Two by Jim Cartwright
The play “Two” takes place in a pub which is set in North England. The pub is owned by a bickering husband and wife who are essentially the main characters, because they remain throughout the play. The play has fourteen characters in total played by just “Two” actors. The play is about a night in the pub, the different customers and the fragile relationship between the Landlord and Landlady. Throughout the play the audience is highly evolved, and see’s a range of different characters which change the pacing of the play to a rollercoaster ride of highs and lows.
The entire play is set up for the ending which the landlord and landlady reveal their dark unspoken tragedy. The play is centred on couple’s relationships. The Landlord and landlady open the play be taking orders of the audience and serving them, straight away evolving them and setting them up for the rest of the play. Throughout the orders the audience get to see the underlining of the couple’s relationship, they show this through their bickering between one and other. The landlord uses direct audience address in performing his monolog which tells the background of their relationship and how he sees the pub.
He uses lots of imagery and personification throughout the monolog. The Old Woman character also uses direct audience address, she tells us about her day to day life and how she loves her husband. Slowly through her performance we see deeper into her character and the darker side to their relationship between her and her husband. Moth opens his monolog by chatting up someone in the audience; he straight away changes the pace of the play and is focused on him. He uses lots of repetition and can see that he does this a lot.
He then has a short episode with Maudie in which the audience can see her is using her yet still a lovable character. The Landlady then tells her take on Maudie and Moth, about her relationship with the landlord and how she sees the pub as more social experience than a business. She also says this all to the audience breaking the pace and atmosphere seeing as they just watched a performance now it’s back on them. The Old man then again slows the pace down to his level and tells the audience how he loves his wife dearly and his light hearted approach that one day he will die and be with her again.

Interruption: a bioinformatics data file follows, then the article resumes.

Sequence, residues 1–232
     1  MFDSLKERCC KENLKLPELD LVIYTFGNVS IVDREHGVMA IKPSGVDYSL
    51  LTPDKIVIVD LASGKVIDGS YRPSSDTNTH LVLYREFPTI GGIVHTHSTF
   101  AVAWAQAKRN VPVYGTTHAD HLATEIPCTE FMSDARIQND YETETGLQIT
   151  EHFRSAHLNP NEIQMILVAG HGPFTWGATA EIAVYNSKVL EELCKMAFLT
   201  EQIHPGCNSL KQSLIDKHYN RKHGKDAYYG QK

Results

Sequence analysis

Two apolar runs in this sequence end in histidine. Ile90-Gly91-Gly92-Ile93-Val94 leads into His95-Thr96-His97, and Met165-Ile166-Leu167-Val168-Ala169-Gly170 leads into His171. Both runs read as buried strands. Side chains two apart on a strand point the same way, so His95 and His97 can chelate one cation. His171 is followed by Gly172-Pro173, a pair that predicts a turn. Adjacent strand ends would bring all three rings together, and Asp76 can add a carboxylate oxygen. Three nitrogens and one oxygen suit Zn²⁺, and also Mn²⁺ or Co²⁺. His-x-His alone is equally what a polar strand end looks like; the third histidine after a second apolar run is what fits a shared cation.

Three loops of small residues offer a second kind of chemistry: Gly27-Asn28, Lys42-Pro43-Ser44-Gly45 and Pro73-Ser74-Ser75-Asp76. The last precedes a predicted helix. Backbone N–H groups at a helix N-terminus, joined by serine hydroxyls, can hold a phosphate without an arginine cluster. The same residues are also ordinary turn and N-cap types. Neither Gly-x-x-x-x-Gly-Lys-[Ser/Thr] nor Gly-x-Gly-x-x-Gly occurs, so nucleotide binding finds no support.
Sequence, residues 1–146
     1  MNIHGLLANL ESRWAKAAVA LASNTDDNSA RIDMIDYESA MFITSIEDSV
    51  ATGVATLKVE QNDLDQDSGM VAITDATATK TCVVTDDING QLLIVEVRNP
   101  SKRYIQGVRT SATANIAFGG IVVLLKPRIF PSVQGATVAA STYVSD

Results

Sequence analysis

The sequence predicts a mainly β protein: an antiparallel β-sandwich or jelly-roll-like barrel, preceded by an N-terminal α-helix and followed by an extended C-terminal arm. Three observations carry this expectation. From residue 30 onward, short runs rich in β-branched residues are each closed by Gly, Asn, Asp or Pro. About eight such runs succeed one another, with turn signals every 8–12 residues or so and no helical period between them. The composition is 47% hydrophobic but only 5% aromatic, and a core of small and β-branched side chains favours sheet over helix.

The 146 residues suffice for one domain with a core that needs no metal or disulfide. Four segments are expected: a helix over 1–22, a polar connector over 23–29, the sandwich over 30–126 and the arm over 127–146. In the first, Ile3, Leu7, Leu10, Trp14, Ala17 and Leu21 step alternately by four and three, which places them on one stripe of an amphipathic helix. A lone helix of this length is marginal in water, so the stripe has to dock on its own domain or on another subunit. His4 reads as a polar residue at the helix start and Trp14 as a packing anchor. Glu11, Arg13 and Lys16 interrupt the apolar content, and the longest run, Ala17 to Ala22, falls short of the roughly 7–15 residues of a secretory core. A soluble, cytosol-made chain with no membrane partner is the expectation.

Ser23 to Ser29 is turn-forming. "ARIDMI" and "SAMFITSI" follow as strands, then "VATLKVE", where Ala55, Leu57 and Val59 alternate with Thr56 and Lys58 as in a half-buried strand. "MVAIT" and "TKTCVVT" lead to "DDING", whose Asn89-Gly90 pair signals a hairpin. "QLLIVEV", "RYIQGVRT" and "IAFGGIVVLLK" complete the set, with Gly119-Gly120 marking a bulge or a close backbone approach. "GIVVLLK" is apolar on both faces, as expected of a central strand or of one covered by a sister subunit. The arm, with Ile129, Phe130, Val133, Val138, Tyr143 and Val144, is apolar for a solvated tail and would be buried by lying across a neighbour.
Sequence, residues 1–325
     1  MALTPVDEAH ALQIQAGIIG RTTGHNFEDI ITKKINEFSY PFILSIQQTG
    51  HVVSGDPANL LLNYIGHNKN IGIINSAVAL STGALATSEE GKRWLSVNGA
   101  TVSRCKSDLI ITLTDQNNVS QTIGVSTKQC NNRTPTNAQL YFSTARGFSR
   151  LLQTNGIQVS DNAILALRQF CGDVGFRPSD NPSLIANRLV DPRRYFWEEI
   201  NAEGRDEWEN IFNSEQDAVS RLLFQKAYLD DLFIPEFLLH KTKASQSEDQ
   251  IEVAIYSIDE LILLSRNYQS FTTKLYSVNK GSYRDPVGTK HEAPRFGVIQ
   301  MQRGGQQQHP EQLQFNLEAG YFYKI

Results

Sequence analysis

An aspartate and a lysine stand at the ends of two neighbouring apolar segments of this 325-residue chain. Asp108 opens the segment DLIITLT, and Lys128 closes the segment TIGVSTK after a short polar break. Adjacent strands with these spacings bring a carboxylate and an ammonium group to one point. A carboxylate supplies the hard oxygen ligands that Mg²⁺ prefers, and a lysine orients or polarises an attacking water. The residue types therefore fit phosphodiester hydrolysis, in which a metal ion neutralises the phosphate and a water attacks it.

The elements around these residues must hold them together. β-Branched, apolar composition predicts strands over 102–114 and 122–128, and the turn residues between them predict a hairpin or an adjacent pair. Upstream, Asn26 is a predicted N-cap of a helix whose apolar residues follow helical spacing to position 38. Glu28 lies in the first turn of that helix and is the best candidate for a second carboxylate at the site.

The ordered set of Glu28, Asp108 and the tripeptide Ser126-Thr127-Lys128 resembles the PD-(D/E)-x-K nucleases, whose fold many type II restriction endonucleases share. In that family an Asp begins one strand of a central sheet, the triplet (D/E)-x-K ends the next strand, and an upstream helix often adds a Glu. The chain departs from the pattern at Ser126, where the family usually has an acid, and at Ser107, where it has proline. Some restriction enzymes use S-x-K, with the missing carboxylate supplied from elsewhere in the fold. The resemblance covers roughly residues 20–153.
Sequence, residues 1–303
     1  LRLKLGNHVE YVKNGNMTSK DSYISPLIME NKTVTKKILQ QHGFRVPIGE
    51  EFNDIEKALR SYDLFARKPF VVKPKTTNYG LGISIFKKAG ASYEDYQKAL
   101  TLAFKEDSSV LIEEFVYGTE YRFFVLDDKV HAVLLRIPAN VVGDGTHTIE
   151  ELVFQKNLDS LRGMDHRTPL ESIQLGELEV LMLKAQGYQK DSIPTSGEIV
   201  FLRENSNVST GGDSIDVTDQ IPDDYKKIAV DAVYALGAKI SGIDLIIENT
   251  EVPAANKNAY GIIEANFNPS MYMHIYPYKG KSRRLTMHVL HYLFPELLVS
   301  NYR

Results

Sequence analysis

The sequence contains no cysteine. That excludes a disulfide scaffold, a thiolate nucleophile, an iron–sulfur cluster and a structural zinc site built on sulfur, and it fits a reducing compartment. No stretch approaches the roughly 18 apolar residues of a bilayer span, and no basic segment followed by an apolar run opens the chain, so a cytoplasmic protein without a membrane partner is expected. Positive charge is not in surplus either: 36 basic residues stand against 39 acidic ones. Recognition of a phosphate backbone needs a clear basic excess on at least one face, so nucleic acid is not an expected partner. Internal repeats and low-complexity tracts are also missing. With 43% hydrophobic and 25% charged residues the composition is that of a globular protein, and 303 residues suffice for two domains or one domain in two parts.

Mrs Iger tells the audience of how she loves big men in a dream like monolog. She describes everything she loves about them and then the audience find out she is married to a very small man. Mr Iger is a small cowardly man and is constantly pushed by Mrs Iger because of it. Throughout his scenes he is trying to get drinks but cannot because of his lack of height and courage until he finally flips and can’t take it anymore, gets some drinks and Mrs Iger is not happy, when she sees how she angered him she takes it all back and shows her love for him.
Smelly Jimmy is a strange character; he has no dialog yet makes a strong impact on the Landlord and Landlady, leaving the audience on a cliff hanging wondering what he said. The Landlord then informs the audience that time has passed and that he cares dearly about the profits of the pub unlike his wife. Roy is an abuse husband and Lesley his terrified wife, their scene is more about how dominant Roy is over a Lesley and how he treats and tries to control her. Lesley is too terrified to do anything, even reply to his questions in fear of what he might interpret them to.
She finally cracks under his pressure and tries to leave, only coming back for the door keys; he apologises then hits her for showing him up. The Landlord then again shows the passing of time. He also if deciding if he should have a drink fighting between his love for profits and maybe fear of he might not stop. He then sees how the landlady helps herself to three drinks, they then argue about her drinking problem and his profits. The audience get to see what’s left of their relationship and how they instead of mild bicker, it has turned into something much more real.
Fred and Alice is a boring couple. They talk about Elvis and a extra in a film, they in turn are the extra’s in life because no-one really pays attention to them but they just get along with each other, the “Two” of them. Landlord yet again moves the play on to the end of the night. Also speaking to the audience re-engaging them in the play again. The mysterious Woman speaks to the audience about a man who she had an affair with her and she is in the pub because she loves him and wants him to leave his wife for her.
The audience don’t know who she had the affair with but normally presume it with the Landlord. Only to realise that it is not and she missed her chance with him. The Boy triggers the end scene between the Landlord and Landlady. His father has left him in the pub and the Landlady tries to help him out. The child’s father comes back and the Landlady lets him go reluctantly showing the audience that there is she loves about the boy or about children.
The row between landlord and landlady shows the two characters raw feelings about each other and how they never talked about the death of their son. The Landlady believes the Landlord blames her for the death because he closed off and didn’t want to talk about it. Throughout the row the Landlord tries to still no talk and clean the bar while the Landlady frantically wants to talk about the passing to get it all out. Finally the landlord comes round and lets out his feelings about the death and they are finally free of the tension and pain built up inside them and between their relationships.